PLEASE COMPARE YOUR RECORDS WITH THE INFORMATION SHOWN * * *. BECAUSE OF THE CHANGES, THERE IS AN INCREASE IN YOUR TAX AND YOU HAVE A BALANCE DUE. IF YOU AGREE THAT THE CHANGES ARE CORRECT, SIGN THE CONSENT AT THE BOTTOM OF THIS PAGE, ENCLOSE YOUR PAYMENT IF POSSIBLE, AND RETURN IT IN THE ENCLOSED ENVELOPE. IF YOU BELIEVE THE PROPOSED CHANGES ARE NOT APPROPRIATE, OR THAT THE INFORMATION PROVIDED TO US WAS INCORRECT, IT IS IMPORTANT THAT WE RECEIVE YOUR SIGNED STATEMENT OF EXPLANATION AND SUPPORTING DOCUMENTATION AT THE ADDRESS SHOWN ABOVE, WITHIN 30 DAYS OF THE DATE OF THIS NOTICE (OR 60 DAYS IF IT IS ADDRESSED TO YOU OUTSIDE THE UNITED STATES). IF WE DO NOT RECEIVE YOUR RESPONSE WITHIN THIS PERIOD, WE WILL ASSUME THE PROPOSED CHANGES TO YOUR TAX RETURN ARE NECESSARY. YOU WILL THEN RECEIVE A NOTICE OF DEFICIENCY OF TAX (WHICH YOU MAY CONTEST IN COURT IF YOU BELIEVE YOU DO NOT OWE THE ADDITIONAL TAX), FOLLOWED BY A FINAL BILL FOR THE AMOUNT SHOWN ON PAGE 2. (SEE ENCLOSED PUBLICATION FOR YOUR APPEAL RIGHTS).
On September 7, 1989, after receiving no response to the Notice, the Philadelphia Service Center issued a notice of deficiency (the statutory notice) to petitioners in which petitioners' taxable income for 1986 was increased by $5,929. This increase represents the difference between the amount of home mortgage interest deduction petitioners claimed on their 1986 tax return ($15,158) less the amount reported to respondent on Forms 1098, Mortgage Interest Statement, as home mortgage interest paid by petitioners ($1,684 plus $7,545 equals $9,229).
Petitioners' accountant, Everett M. Raffel (Mr. Raffel), responded to the statutory notice on September 12, 1989, by mailing to the Philadelphia Service Center a copy of a Form 1098 for 1986 issued to petitioner Noreen B. Avancena by Home Unity Mortgage Service, Inc. (Home Unity) reflecting payment of mortgage interest in the amount of $7,022.13. In his cover letter, Mr. Raffel stated, among other things, the following:
Enclosed please find copy of your latest letter of 9 September 1989 [sic] reiterating a deficiency in individual tax payments for the year 1986 based upon an apparent nonappearance in your records of a mortgage payment by taxpayers.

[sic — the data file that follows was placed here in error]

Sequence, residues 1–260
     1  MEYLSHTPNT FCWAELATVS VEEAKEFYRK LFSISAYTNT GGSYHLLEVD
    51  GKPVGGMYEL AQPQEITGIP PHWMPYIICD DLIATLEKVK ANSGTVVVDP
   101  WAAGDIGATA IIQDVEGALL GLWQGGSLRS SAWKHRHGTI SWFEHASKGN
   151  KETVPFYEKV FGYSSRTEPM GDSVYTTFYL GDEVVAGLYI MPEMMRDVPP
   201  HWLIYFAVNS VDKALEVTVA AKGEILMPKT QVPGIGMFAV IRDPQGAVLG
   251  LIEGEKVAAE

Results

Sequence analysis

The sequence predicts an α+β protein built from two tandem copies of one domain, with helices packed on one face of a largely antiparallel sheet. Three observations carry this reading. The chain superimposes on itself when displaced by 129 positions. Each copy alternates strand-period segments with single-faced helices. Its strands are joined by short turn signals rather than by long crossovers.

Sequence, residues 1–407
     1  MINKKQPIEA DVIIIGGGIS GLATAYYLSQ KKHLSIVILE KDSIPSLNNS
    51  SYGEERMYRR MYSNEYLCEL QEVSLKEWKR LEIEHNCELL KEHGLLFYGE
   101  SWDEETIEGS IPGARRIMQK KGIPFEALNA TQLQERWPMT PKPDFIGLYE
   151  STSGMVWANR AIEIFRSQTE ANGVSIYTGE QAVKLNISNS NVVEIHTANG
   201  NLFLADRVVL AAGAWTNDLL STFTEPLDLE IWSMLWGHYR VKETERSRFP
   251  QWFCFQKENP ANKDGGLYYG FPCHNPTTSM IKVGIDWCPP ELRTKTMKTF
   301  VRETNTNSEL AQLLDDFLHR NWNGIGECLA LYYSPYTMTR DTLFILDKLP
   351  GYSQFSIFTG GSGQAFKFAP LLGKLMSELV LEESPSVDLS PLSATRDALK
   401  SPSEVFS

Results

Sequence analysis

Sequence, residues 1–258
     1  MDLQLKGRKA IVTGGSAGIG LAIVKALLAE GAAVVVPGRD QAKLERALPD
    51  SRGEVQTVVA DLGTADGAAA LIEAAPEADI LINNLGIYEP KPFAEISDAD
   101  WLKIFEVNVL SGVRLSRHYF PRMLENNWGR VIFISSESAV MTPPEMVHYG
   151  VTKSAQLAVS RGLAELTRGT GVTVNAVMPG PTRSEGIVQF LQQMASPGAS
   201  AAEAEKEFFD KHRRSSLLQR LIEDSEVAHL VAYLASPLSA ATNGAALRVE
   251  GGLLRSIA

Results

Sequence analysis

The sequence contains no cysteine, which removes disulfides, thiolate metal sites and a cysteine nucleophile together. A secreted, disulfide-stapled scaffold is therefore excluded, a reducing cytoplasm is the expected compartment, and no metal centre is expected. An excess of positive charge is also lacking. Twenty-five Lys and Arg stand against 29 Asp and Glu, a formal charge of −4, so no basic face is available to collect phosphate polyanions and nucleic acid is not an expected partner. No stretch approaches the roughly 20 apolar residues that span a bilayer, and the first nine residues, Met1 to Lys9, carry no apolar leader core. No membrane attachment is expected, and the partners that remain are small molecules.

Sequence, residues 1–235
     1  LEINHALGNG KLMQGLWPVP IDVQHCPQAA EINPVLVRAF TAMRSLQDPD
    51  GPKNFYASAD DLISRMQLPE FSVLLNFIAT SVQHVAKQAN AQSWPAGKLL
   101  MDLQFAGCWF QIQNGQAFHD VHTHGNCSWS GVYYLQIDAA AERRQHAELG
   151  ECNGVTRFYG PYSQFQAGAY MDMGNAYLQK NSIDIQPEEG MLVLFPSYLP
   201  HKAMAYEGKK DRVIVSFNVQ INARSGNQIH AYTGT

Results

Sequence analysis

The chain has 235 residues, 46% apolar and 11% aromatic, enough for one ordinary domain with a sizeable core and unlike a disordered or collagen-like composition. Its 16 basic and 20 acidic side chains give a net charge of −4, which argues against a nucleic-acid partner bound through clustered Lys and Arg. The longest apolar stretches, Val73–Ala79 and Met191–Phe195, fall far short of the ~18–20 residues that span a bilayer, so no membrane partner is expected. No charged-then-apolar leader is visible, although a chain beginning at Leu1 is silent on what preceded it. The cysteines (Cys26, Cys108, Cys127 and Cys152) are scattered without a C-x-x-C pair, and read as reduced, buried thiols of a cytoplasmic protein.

This office is again enclosing copies of the 1098 issued to taxpayers by Home Unity Mortgage and a copy of the annual loan statement by said mortgagor which verifies the properly claimed deduction by taxpayers, and thus there would be no deficiency in tax payments.
There is no evidence in the record that the Philadelphia Service Center ever received a copy of the Form 1098 from Home Unity or Mr. Raffel before the Service Center issued the statutory notice to petitioners. Nor is there any evidence that Mr. Raffel or petitioners ever mailed a copy of that form to the Philadelphia Service Center before the Service Center issued the statutory notice to petitioners.
On October 18, 1989, petitioner James Avancena (Mr. Avancena) called the Philadelphia Service Center about the statutory notice and talked to Ms. Harriet Kramer (Ms. Kramer). In brief, Mr. Avancena informed Ms. Kramer that his accountant twice before had forwarded verification for the 1986 home mortgage interest deduction. Ms. Kramer could not locate the administrative file for petitioners' 1986 return. She speculated that an examiner was reviewing the documentation and suggested that Mr. Avancena call back in 3 weeks. Mr. Avancena attempted to call the Philadelphia Service Center again on November 8 and 9, 1989, but the telephone lines were busy each time he called. Thereafter, on November 21, 1989, petitioners timely filed the petition in this case seeking a redetermination of tax and additions to tax for 1986.
By letter dated November 27, 1989 (the November 27 letter), the Philadelphia Service Center informed petitioners that the information they submitted regarding the home mortgage interest deduction for 1986 had cleared up the discrepancy. As a result, on the basis of this information, the Service Center accepted petitioners' 1986 return as filed.
The parties do not agree totally on the series of events which followed petitioners' receipt of the November 27 letter from the Philadelphia Service Center. It appears that petitioners' counsel attempted to contact respondent's counsel after petitioners received the November 27 letter but, for unexplained reasons, her telephone calls were not returned. Petitioners' counsel finally talked to respondent's counsel (then assigned to this case) on December 20, 1989. The details of their conversation are not in the record; however, apparently respondent's counsel promised to call petitioners' counsel later, presumably after locating the administrative file.